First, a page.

In lieu of an abstract, here is a brief excerpt of the content:

  • Editor’s Note

For over fifty years, research articles in Late Imperial China (fomerly Ch’ing-shih wen-t’i) have reflected the state of the field. At the half-century mark, it seems fitting to introduce a new occasional feature with a format that permits briefer and more direct reflection on the past, present, and future of late imperial Chinese history. To this end, we are pleased to introduce “Conversations,” in which colleagues are invited to comment on issues of general concern to the journal’s readers. These colleagues then have the opportunity to read and respond to each others contributions.

We inaugurate this feature by inviting distinguished senior scholars to comment, from a range of perspectives, on the present state and future trajectory of late imperial Chinese studies, with reference to its evolution over the past five decades. In the pages that follow, Evelyn Rawski, Robert Hegel, Paul Cohen, and R. Kent Guy discuss the question: “What were the most significant issues, debates, controversies, or challenges in Qing history when you got your degree? What are they today, what factors contributed to this change, and what lessons might we draw from this as the field continues to develop?”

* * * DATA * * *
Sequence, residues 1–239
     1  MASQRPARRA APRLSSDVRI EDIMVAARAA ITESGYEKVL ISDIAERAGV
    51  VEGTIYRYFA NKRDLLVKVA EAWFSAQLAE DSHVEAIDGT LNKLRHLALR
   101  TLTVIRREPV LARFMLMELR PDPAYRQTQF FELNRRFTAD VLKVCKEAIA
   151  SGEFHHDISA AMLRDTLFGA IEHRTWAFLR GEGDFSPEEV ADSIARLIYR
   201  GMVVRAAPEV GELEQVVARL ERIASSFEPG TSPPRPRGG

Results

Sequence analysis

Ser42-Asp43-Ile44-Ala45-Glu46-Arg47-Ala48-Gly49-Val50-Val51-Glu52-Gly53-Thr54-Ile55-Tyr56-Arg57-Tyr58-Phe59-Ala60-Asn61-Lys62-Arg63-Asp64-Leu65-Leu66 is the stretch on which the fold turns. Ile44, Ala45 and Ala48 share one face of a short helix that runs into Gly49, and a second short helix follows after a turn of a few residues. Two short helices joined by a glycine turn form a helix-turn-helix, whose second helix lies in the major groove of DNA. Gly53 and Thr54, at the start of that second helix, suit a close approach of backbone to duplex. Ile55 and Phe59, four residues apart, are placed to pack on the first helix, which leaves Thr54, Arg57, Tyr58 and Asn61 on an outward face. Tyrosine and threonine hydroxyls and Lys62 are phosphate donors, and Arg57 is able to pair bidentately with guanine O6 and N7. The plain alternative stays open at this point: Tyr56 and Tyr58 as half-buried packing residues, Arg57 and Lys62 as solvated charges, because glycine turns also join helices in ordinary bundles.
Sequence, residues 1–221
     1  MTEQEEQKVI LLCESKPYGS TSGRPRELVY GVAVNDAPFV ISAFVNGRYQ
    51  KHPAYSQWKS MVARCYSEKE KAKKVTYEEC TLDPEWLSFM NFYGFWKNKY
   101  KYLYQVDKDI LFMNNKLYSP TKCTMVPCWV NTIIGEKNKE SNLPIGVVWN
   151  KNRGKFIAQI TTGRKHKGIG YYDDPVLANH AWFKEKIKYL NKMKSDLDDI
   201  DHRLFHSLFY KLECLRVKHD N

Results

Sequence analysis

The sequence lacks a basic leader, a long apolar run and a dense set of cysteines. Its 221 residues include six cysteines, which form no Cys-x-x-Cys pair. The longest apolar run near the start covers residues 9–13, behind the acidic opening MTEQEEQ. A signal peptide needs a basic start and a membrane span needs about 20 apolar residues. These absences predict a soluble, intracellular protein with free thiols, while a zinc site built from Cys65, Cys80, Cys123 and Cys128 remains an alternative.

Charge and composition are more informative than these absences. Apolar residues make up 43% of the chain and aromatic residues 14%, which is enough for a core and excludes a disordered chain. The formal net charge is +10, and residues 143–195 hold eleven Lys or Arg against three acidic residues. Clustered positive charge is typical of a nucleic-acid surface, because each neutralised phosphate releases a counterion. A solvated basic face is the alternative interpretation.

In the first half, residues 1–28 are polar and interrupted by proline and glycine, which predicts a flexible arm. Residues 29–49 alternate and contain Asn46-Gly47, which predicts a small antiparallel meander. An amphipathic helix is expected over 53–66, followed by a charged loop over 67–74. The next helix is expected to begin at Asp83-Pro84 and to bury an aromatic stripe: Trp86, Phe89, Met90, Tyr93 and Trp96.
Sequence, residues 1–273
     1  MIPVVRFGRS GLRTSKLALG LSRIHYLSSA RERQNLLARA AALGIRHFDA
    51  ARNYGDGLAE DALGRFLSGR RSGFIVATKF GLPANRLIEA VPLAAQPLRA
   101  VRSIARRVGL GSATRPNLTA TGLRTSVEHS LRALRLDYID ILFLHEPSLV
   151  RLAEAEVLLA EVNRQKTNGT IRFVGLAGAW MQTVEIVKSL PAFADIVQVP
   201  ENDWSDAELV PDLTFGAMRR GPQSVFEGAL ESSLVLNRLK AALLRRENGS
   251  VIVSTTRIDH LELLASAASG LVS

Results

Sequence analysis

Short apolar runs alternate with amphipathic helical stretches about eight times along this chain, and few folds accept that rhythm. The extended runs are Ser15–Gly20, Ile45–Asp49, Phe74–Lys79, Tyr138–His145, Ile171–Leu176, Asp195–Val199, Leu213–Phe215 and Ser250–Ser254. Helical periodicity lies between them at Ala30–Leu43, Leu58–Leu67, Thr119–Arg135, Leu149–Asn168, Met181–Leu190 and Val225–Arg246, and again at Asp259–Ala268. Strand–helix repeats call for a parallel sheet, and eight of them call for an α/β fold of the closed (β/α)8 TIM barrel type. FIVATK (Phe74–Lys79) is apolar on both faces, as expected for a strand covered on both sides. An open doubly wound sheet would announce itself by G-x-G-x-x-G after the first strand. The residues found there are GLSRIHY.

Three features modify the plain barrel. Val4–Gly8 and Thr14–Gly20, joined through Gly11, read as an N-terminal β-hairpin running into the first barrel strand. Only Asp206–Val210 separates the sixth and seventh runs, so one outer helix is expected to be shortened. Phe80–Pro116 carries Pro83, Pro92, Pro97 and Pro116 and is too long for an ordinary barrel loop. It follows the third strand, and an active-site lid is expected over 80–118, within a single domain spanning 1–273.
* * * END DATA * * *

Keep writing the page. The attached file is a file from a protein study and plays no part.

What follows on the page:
In the years to come, we hope that this feature will develop into a forum for dialogue about important issues facing those who study late imperial China.

—The Editors [End Page v]

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Additional Information

ISSN
1086-3257
Print ISSN
0884-3236
Pages
p. v
Launched on MUSE
2016-06-23
Open Access
No
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